Gold Coast bay and Moreton bay in the urbanised south-east Queensland are home to a large number of marine mammals including the common dolphin, bottlenose dolphin, dugongs, and the humpback whale. A recent study ( ) has confirmed that humpback whales use the Gold Coast as a resting area during their southern migration. Recent surveys show an increase of calving. In particular mothers and calves were found to spend hours or days on the surface to rest with their calves near the shore.
Every year more whales and dolphins are being caught, injured and even killed in shark nets that are set 500 m offshore in attempt to kill large sharks. We have studied which nets catch most whales and dolphins and that we can stop a large number of horrible entanglements by lifting the nets for only a few weeks and still ensure safety for swimmers by replacing them with modern and better technology.

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More infos on shark nets from the government here

An entanglement in a shark net can be viewed here.

Alternative to shark nets: plastic nets, drones, tagging, shark spotters, enclosed beaches and in development: sonar barriers, electromagnetic fences.

Thank you for supporting marine life.

Letter to
Queensland Minister for Agriculture and Fisheries Hon. Leanne Donaldson, MP
Shark Netting & Marine Life Entanglement

We are writing to express our deep concerns over the lack of effective measures to arrest the continued entanglement of whales and dolphins in shark nets on the Gold Coast, Queensland, Australia.

The Gold Coast prides itself on its natural resources – clean beaches, blue waters and abundant marine life with whale watching and marine-life based tourism – a multi-million dollar industry in this region. Together with the Queensland government we all desire and have a duty of care to ensure that whales and dolphins continue to call our coast their home, now and in the future.

The eleven shark nets installed as part of the Queensland shark control program, in addition to continuing coastal modification, are putting whales and dolphins at risk.

In the past twenty-five years, there have been over one hundred and fifty reported entanglements of whales and dolphins in south-east Queensland shark nets with the majority being killed or injured and an unknown number of unattended incidents. In 2014 alone 6 whales were entangled and 8 dolphins were killed in the Gold Coast shark control program. Every year the risk of entanglements increases by almost 10% with increasing whale numbers migrating past the Gold Coast.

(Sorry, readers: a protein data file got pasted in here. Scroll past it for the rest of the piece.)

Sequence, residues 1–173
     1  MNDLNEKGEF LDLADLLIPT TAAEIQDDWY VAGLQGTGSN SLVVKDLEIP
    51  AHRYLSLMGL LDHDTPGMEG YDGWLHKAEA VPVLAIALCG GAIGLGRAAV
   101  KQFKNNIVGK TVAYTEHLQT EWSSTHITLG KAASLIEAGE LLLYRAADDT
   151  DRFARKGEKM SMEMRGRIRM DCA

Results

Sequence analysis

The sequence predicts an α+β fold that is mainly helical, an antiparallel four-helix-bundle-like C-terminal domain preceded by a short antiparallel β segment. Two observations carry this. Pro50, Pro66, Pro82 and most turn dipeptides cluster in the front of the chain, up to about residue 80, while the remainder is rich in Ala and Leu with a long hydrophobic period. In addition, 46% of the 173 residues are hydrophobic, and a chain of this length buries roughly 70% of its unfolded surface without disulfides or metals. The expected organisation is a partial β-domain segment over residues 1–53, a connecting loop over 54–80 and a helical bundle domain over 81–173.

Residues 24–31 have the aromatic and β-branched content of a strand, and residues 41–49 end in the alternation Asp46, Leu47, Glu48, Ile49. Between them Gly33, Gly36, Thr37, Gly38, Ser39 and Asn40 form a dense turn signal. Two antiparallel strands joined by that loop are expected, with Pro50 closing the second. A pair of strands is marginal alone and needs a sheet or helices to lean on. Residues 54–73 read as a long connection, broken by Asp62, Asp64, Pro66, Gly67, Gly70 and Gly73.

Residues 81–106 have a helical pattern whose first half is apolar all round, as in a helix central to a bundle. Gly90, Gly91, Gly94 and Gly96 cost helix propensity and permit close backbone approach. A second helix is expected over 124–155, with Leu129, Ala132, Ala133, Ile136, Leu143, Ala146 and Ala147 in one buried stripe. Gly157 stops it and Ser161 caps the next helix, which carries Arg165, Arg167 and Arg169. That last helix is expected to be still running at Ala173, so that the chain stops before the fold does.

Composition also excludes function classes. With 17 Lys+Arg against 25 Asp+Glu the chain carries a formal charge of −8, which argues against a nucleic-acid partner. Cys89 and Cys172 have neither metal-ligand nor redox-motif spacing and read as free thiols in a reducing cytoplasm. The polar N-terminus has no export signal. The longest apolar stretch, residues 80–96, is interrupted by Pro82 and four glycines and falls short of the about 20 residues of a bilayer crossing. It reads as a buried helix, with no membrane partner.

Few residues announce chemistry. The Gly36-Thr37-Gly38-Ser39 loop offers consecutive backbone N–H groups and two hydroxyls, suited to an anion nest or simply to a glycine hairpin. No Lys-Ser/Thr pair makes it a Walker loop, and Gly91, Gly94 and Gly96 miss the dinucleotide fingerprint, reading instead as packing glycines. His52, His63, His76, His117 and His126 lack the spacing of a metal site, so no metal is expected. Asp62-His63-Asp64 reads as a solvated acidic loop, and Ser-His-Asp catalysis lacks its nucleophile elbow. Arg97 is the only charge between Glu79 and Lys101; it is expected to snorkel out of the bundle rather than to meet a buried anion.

The entanglements of whales and dolphins in shark nets are costly, cause injury or death to the animals and put rescuers in danger. They are also negative publicity for a tourist destination and cause damage to Australia’s image as nation.

Australia has been a longstanding and outspoken advocate for the protection of cetaceans at the International Whaling Commission. Australia has also signed international agreements to protect threatened cetaceans in Australian waters. The rest of the world measures our country based on its action. Protecting whales at our doorstep is equally important as putting pressure on whale hunting nations.

The Gold Coast is home to a unique whale resting area in trust for the rest of the world. We therefore urge you to bring your efforts to secure south-east Queensland as an area where humpback whale calves can rest and dolphins forage without having to die or be injured in nets.

We wish for a constructive dialog with the government to establish independent research and translate the best available knowledge into effective management to stop entanglements. As a result, agreed policies and management actions can be established to protect humans and marine mammals.

We, the under signee, therefore ask you to work together to find solutions to remedy and mitigate the impacts of shark netting as a matter of urgency by:

• Centering management decisions and policies on the best available independent scientific information to prevent costly entanglements, causing unnecessary pain or death to marine mammals;

• Developing objective, science-based, measurable and testable management targets for the avoidance of entanglements;

• Implementing a comprehensive, scientifically sound observer program to identify and quantify interactions, and to assess the effectiveness of mitigation measures.

• Removing nets during whale migration, in particular the nets in the southern Gold Coast bay with the highest incident numbers and replacing them with alternative shark protection gear such as but not limited to: video/aerial surveillance; ecofriendly barriers; sonar barriers; satellite tagging and methods that are directed to mitigate incidents with large shark.

We, the under signee are seeking a collaborative approach on effective strategies that mitigate and lessen entanglements of whales and dolphins in the Gold Coast bay.

Please, help us to protect whales and dolphins from entanglements.

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